With the merest of thoughts, he deactivated and slid back the eighteen locking pins of the prison’s purple security door. It swung open slowly, groaning on its massive hinges.
“The first things you shall see, children,” Godling began, “are the razor-sharp claws of a genocidal mad-machine who feels no remorse at all.”
“My god,” Brennan gasped. “That … leg. It’s so large. And the room’s so….”
“Purple,” said Godling. “Yes, I know.”
The purple room, or more accurately, Purple Room One. Orange for sensory, purple for locomotion. Godling had the power to move anything coated in it. He had, at different points throughout the centuries, experimented with moving these very walls and this ceiling as a means of escape. In fact, of the 927 escape plans Godling had initiated in the past five millennia, Purple Rooms One and Two had been directly involved in 156.
Too bad those 156 plans had all proven failures. Along with the other 771.
“What is that there?” Brennan asked. “That red rope coming from the wall?”
“Ah, you’ve notice the bloodwire. Contains no blood at all, of course. Yet it does keep my body powered down at all times.”
“And just how tall are you, hallowed one?” said Ressia.
“Oh, I am a sight. The height of three men. Four if I care to feel insulted. Of course, if I were to feel insulted, I’d probably use those claws there to shred your skin and internal organs to long, sopping strips. Shall we?”
He quickly ushered them into Purple Room Two, and then, into Green Rooms One and Two. There, his arms rested upon their pedestals. Thick as ancient tree trunks, fingers spread wide like the wings of carrion gorgers. Green was for touch-paint, used throughout the prison precisely so Godling could feel, as if with his own Darkwork alloy fingers, a soft pillow or a damp cloth or the warm touch of a–
Godling’s memory banks refreshed. He saw her with the precision and exactitude of second sight. Auburn hair, like the sunset, wisest brown eyes. And the twisting, fiery agony they’d endured together….
Her image had a death grip on Godling’s primary visual tasking matrix. 5,000 years and he still couldn’t comprehend everything he’d lost.
“Hallowed one? Godling?”
Godling’s focus returned to his Green Room, to the boy, Brennan, and to the girl. No, she couldn’t compare at all. Blonde, not auburn. Beautiful, yes, but not nearly so exotic.
“The Orange Room,” Godling said, doing his utmost to quarantine the affected memory pathways. “To the room and to my counsel.”
Brennan shook his head. “But that’s only five rooms. The history vids say there’re–”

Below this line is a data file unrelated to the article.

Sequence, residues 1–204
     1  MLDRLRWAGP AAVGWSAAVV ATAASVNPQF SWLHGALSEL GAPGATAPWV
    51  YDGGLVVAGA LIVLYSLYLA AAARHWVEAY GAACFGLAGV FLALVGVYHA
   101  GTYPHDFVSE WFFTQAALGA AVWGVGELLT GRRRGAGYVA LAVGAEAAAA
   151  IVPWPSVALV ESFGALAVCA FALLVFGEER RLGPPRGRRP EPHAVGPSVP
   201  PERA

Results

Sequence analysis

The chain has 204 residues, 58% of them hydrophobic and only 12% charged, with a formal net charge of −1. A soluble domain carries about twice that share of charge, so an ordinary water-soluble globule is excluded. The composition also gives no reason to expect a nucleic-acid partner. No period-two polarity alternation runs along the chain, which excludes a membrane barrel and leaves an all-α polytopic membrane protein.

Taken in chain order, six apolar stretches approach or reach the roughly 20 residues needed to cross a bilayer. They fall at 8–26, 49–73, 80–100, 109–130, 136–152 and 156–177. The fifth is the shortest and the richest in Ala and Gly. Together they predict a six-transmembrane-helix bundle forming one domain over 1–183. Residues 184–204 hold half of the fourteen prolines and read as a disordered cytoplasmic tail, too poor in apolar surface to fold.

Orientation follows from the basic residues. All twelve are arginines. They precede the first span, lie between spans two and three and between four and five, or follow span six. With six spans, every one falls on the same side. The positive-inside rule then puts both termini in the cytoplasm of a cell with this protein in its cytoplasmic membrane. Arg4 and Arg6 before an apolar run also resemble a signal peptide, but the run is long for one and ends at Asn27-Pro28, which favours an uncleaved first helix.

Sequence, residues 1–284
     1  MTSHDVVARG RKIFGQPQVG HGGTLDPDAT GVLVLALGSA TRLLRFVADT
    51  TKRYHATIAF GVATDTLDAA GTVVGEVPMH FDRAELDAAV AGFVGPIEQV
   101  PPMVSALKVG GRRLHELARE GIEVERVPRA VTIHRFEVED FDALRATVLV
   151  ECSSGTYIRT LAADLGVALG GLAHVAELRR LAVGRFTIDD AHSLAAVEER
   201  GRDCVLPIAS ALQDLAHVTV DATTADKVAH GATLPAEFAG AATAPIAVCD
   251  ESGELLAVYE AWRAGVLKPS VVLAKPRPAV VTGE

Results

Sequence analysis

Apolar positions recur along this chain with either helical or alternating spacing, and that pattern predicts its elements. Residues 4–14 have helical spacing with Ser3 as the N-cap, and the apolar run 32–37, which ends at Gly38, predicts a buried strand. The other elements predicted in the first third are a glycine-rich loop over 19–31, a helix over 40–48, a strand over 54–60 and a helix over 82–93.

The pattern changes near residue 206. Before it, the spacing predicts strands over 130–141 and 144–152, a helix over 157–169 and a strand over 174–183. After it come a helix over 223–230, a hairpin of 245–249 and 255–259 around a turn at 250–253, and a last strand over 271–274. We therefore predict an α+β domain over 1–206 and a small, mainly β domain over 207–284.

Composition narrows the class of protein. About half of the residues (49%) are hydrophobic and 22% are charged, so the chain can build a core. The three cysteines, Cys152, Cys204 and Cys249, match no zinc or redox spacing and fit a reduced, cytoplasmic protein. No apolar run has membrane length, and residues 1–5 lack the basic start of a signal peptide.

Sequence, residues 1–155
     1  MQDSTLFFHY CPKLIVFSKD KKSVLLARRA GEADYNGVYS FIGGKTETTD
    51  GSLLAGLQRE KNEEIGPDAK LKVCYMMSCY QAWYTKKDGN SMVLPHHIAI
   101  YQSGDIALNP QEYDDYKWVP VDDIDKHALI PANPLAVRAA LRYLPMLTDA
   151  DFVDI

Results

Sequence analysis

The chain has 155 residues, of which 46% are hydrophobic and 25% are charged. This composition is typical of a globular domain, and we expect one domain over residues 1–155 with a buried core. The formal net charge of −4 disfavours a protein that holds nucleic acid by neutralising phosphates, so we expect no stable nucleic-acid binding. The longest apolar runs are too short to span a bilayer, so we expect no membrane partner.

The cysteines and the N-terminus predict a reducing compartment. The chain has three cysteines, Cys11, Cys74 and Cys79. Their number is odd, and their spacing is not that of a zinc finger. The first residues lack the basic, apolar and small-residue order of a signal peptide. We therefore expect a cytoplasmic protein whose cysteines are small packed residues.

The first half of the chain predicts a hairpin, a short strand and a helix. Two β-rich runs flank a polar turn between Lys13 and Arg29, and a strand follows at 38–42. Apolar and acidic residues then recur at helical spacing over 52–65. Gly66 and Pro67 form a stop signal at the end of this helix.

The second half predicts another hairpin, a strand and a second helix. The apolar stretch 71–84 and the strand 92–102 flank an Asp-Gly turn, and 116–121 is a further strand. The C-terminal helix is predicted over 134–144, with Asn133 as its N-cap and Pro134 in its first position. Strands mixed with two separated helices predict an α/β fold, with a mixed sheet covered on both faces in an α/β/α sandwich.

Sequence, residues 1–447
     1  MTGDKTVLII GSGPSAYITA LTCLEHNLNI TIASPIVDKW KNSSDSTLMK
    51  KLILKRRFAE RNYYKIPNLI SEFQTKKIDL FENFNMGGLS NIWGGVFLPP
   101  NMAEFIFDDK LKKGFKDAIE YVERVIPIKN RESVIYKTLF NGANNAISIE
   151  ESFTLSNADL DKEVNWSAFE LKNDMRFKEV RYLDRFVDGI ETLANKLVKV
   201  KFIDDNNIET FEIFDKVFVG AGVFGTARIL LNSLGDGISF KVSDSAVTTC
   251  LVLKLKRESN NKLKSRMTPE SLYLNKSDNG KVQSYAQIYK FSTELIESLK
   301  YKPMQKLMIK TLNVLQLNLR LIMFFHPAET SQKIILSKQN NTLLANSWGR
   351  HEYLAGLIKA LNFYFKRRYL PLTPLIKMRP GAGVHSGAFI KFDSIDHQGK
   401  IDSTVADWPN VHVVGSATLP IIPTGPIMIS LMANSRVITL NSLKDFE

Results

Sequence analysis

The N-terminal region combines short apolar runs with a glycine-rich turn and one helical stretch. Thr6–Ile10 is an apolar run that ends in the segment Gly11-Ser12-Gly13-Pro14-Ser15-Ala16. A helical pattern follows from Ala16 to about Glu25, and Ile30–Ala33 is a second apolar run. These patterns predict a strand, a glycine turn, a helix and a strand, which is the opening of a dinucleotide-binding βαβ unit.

“Six. Yes. The black room is off limits, child. I will surely kill you for just the thought of it.”
“You see, my father is King Stevrik III.”
“And I do not wish to marry that horrible, despicable, lazy-”
“Please, child, before I corrode.”
A chance to escape. That’s what Godling hoped to gain from the boy and girl. To finally break free of this infernal prison once and for all. The fact the girl was Stevrik’s daughter simply added defensive sheen-varnish to the protractile warblade cake. Oh but Godling was a sly, cunning, fiend of a machine.
Escape plan number 928 initiated. Proceed with escape plan 928.
He’d gathered the humans together, the young lovers and the oafish abbot warden, Renaldo Timekeeper. Renaldo sequestered himself in the corner of the room, content to fiddle with his white administrator gloves. No other personalities to contend with or further agendas to factor. No more perfect tools to employ than this young man and this young woman. Simple, effortless. Easy as ripping arms from sockets.
“Stevrik’s sworn enemy is King Marshal,” said Brennan. “The betrothal was meant to unite their thrones. But she loves me. We are meant to be together.”
“Yet it would seem Ressia’s betrothed swears otherwise,” Godling said, his large alloy head upon its pedestal glinting hazy green in the solvent battery lighting. “He is a prince, child, someday to be a king. What have you to offer this woman?”
“My mind, of course,” said Brennan. “My life, if necessary.”
“I’m a writer.”
“Oh dear, it’s worse than I thought.”
Keep them talking. That was the key. That was step one of escape plan 928. Yes, and what was step two? Renaldo most certainly had to be dealt with in step two.
“Well, Renaldo?” Godling said. “You’ve been rather quiet. Wasn’t it you who sold my time to these wretched romantics?”
“I didn’t sell them a thing. They simply required your help and I was willing to offer it. Use your influence to sway their fathers. Their cause is just. The war, you see …”
“The war,” said Ressia. “Because I have chosen not to marry the prince, Marshal has declared war on Quaratania, our city, our people.”
“Is that so?” Godling said.